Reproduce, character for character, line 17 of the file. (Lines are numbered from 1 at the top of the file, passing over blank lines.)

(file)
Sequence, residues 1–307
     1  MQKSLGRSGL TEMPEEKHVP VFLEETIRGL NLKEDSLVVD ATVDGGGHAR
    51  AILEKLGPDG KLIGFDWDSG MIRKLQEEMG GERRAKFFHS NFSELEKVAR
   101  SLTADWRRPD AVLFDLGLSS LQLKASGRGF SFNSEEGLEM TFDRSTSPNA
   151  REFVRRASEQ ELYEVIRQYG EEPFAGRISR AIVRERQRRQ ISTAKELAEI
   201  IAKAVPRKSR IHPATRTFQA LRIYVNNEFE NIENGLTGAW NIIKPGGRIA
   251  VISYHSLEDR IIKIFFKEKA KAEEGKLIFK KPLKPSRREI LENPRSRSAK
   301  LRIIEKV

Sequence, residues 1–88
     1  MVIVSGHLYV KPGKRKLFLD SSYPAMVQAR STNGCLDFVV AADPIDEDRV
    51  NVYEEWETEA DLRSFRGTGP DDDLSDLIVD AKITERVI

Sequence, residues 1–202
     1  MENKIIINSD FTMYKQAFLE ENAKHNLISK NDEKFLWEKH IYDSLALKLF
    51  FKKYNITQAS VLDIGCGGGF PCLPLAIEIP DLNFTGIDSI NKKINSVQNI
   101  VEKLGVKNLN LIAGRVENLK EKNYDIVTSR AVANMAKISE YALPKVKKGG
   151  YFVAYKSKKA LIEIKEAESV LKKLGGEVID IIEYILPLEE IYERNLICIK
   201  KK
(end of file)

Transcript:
   201  KK